Morphemes in English
A Morpheme is the smallest meaningful unit in a language. Morpheme is not mandatory to be same as a word. The main difference between a morpheme and a word is that a morpheme sometimes does not stand alone, but a word, by definition, always stands alone.
In short, we can say that a "morpheme" is the short segment of language that meets three basic criteria:-
- It is a word or a part of the word that has resemble some meaning.
- It can not be divided into smaller meaningful segments without changing its meaning or leaving a meaningless remainder.
- It has relatively the same stable meaning in different verbal environments.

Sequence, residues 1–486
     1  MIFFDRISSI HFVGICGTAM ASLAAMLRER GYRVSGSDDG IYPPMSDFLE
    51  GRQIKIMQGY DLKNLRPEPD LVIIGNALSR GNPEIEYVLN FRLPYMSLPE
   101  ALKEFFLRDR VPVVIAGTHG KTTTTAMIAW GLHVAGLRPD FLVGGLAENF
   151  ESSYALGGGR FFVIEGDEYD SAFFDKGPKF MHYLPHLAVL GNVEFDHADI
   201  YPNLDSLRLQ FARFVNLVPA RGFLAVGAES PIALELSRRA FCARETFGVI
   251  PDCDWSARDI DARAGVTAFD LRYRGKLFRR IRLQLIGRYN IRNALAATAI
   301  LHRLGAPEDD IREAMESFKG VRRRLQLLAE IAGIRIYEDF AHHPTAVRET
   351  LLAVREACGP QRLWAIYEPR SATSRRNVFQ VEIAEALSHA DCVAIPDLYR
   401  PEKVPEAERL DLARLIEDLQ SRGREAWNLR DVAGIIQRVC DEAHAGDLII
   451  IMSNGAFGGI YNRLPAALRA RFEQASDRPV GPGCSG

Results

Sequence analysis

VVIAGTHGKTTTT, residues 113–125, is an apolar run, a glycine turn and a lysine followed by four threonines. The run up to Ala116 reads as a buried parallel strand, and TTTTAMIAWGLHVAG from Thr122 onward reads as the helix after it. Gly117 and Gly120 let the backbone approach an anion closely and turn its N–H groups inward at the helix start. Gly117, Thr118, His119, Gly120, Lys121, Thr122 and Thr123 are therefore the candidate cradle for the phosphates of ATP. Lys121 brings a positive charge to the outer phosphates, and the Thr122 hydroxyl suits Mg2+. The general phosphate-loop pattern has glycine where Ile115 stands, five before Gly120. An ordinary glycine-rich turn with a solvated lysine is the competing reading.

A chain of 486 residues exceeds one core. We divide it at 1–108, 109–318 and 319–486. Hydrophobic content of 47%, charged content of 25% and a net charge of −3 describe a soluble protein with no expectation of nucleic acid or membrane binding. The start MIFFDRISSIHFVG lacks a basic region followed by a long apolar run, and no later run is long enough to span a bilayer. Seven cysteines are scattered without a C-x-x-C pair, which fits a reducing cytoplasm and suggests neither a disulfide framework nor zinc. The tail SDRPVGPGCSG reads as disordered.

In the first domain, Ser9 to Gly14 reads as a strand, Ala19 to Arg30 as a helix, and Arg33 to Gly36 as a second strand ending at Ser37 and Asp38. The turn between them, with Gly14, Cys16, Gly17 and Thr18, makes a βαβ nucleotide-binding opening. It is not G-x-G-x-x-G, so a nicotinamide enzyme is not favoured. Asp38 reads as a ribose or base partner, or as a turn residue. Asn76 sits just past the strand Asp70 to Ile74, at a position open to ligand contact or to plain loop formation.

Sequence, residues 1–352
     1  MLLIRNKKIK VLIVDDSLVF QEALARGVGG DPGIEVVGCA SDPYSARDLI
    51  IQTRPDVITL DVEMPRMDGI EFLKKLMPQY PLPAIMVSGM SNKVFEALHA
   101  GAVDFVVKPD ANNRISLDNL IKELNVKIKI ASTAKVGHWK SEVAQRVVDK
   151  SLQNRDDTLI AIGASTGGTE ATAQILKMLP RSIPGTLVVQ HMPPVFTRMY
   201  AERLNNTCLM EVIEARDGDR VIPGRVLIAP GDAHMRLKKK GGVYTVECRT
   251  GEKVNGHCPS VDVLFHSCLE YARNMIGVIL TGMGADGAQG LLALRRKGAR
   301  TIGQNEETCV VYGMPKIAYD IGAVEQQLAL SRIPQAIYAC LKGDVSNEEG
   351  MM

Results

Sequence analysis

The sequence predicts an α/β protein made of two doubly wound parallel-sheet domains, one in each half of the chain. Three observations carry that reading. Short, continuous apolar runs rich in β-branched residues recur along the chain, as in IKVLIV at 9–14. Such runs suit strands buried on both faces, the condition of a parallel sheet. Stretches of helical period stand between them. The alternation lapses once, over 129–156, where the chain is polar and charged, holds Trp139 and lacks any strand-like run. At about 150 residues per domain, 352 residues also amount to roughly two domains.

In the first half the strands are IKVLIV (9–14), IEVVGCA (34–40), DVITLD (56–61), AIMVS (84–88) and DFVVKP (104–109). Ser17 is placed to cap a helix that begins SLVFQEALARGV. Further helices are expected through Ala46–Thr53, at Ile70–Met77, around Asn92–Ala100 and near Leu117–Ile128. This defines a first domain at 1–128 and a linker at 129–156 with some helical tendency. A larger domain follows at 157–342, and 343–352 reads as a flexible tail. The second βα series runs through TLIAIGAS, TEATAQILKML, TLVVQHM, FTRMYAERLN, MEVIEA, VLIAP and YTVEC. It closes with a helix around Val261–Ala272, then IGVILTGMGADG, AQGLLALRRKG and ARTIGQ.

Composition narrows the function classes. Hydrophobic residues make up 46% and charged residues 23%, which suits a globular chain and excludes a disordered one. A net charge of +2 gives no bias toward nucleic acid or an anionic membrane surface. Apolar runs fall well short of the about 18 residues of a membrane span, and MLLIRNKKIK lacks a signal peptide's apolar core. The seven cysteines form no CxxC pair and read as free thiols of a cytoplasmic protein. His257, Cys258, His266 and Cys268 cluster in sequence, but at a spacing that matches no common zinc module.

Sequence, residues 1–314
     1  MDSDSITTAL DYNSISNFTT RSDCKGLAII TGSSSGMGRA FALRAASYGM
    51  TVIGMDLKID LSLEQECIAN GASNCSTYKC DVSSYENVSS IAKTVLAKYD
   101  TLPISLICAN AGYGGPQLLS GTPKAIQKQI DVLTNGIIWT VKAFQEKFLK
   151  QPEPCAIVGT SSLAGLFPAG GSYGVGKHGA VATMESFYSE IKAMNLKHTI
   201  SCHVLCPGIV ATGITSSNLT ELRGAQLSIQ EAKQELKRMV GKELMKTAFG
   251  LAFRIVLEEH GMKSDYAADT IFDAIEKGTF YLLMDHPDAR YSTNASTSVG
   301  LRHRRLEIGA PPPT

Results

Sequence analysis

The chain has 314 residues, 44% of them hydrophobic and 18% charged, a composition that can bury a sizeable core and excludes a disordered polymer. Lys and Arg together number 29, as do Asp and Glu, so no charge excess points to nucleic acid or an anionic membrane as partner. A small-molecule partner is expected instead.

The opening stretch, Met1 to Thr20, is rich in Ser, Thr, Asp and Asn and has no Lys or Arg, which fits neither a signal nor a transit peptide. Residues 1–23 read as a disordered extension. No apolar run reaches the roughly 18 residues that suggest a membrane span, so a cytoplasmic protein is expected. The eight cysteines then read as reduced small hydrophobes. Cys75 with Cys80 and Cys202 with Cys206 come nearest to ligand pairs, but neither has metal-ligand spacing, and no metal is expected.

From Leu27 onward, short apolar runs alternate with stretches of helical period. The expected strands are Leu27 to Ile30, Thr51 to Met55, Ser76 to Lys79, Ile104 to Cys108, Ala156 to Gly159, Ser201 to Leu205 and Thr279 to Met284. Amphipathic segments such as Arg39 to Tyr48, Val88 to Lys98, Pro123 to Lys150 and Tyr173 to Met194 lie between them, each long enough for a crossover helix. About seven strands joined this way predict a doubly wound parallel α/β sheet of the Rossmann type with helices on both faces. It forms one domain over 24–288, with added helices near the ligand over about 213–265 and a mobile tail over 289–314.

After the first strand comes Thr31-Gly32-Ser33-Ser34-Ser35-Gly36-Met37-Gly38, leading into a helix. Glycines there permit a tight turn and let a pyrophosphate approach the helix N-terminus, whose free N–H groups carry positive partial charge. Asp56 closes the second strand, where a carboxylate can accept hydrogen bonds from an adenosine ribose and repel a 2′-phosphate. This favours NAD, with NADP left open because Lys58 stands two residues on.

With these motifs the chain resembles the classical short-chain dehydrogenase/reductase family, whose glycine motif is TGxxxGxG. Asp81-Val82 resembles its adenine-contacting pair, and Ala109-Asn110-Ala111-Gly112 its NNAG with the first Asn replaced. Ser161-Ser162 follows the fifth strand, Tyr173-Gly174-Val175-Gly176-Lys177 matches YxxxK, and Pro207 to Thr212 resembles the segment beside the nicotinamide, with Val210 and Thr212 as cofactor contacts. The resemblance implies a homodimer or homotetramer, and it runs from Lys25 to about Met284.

There are three types of morphemes-
- Free v/s Bound
- Derivational v/s Inflectional
- Prefix v/s Suffix
1. Free Morphemes- Free morphemes can stand alone with a specific meaning.
For example:- eat, date, weak, etc.
Bound Morphemes- Bound morphemes can not stand alone with meaning.
For example:- antedate, prehistoric, happily, etc.
2. Derivational Morphemes- It just makes fundamental changes to the meaning of the stem.
Inflectional Morphemes- They are used to mark grammatical information.
3. An "affix" is a bound morpheme that occurs before or after a base.
Prefix morpheme is a bound morpheme where "affix" occurs before a base.
Suffix morpheme is an free morpheme where "affix" occurs after a base.